I then finished my exam and headed on home. When my parents got word of my completely unintentional strike on standardized testing, they were very disappointed in me. But luckily I was given a second chance and I got in. If it hadn’t been for that second chance, I wouldn’t be before you today. And I wouldn’t have the incredible friendships that are sitting in this audience.

Writing this speech, I was thinking a lot about friendships. The close bonds and relationships we have formed here may very well waver in their relevancy as we move forward with our lives. It is hard to promise that you will keep in touch with everyone you care about at this school. But while our talks with friends may become more infrequent over the years, our friendships will never falter in their love and compassion. Friendships are like memories, we learn from them, we rely on them, and we are propelled forward by them. By that same description, I guess friendships are also like flatulence.

I know that, that is what we’ll all really miss most about Williston: the friendships we’ve made and fostered here. Unless, you know, you’re a really hardcore fan of the dining-hall-food. Writing this speech, I was curious as to how friendships are made, strengthened, broken, and mended. And truth be told, after thinking and writing about it a lot, I’ve come to realize our friendships come as a result of the greatest thing you can ever do for someone: to listen. Listening to someone halves the weight upon their shoulders, it gives them value to what they say, and it silently reminds them they are not alone. To listen is the verb form of friendship.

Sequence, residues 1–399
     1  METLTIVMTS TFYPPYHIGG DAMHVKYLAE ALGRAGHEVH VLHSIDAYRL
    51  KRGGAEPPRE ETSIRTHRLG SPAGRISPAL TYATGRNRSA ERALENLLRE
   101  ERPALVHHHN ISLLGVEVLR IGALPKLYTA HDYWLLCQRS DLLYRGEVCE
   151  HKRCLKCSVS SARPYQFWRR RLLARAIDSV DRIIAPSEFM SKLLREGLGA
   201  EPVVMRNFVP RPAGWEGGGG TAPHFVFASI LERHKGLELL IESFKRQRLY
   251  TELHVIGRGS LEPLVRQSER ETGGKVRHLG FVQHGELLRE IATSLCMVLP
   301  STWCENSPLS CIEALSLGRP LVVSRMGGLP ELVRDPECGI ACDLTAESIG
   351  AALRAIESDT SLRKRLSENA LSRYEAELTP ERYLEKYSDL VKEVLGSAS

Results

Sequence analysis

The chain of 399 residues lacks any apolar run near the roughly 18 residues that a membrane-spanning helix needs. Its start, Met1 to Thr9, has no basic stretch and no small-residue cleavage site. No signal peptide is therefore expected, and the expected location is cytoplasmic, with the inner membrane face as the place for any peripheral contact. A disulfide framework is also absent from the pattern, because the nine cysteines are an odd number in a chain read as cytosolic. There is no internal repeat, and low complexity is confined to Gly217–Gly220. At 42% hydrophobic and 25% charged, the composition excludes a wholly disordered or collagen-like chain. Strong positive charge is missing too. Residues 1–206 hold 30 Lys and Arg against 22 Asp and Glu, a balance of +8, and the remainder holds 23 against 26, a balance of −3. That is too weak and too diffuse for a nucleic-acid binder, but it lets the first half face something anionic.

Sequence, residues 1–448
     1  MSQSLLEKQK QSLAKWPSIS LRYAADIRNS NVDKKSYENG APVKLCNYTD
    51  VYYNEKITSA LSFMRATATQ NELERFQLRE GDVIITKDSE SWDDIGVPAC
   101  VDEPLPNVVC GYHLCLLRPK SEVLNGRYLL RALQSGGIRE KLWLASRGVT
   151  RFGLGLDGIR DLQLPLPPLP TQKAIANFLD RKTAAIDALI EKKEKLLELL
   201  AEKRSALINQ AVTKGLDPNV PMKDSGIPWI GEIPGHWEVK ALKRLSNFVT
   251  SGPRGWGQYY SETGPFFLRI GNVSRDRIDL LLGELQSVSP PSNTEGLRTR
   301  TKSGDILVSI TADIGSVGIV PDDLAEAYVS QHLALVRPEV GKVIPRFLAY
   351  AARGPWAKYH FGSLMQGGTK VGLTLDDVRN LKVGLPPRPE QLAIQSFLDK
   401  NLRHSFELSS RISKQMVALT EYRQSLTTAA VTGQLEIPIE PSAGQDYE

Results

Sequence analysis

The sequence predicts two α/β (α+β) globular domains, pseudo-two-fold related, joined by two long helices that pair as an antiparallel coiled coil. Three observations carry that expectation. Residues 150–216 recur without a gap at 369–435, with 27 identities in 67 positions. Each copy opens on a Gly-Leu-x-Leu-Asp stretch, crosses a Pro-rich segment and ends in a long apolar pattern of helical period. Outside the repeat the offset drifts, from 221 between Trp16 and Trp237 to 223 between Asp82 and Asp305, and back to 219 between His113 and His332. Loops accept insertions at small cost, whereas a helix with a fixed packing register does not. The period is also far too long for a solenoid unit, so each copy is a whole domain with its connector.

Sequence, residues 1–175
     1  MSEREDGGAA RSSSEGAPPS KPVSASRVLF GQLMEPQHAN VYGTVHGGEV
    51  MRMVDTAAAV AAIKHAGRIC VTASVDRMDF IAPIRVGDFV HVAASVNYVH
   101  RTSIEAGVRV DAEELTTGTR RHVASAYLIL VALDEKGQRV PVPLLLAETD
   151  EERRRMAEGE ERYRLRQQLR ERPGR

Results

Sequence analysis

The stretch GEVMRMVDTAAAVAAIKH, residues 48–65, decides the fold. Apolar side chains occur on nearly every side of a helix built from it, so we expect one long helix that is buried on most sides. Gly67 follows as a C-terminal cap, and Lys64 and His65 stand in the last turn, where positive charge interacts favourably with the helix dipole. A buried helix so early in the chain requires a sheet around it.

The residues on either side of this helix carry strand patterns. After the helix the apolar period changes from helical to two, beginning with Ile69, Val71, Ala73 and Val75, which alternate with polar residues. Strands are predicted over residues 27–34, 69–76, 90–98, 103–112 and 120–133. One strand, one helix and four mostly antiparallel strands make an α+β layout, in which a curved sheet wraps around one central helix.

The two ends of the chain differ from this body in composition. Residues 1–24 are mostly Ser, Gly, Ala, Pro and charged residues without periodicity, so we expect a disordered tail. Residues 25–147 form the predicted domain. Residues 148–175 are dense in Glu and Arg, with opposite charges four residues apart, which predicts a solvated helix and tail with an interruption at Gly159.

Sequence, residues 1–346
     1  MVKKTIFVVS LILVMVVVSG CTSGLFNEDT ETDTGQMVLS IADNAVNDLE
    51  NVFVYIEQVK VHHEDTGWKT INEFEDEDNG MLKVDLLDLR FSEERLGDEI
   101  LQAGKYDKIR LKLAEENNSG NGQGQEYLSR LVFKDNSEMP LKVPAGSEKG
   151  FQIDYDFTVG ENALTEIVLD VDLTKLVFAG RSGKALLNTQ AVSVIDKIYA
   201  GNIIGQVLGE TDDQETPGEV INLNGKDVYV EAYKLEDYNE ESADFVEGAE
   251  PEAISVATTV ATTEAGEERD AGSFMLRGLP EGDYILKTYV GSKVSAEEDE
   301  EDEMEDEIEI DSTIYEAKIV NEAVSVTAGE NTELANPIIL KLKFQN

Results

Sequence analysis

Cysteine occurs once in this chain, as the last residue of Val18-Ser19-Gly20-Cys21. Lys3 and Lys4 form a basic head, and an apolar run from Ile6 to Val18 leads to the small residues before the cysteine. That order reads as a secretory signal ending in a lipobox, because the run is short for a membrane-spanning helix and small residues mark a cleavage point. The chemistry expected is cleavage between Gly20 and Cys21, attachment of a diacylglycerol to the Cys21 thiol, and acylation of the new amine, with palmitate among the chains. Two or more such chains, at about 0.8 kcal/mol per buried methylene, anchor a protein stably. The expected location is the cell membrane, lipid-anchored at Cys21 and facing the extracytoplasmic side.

I realize this a bold, even radical, statement. Some of you may be thinking: “Well in Swanee’s class we all listened to a recording of Hitler’s first speech! Does that mean I’m friends with him now?” Of course you are not. Because there is a stark difference between listening and hearing.

To hear is to encode, and pragmatically respond to or store what you hear. To listen is to find peace through understanding. That is a motto from my summer solace, Camp Becket. There are eight Camp Becket mottos, each with their own moral and philosophical resonance to write a speech about, but I believe the most important one to our age, our generation, and our class is “Peace through Understanding.”

This may sound like just another hippie mantra of mine but I can assure you it is a surefire technique to a better life and a better world. And the greatest advice I can give you all. Here is why: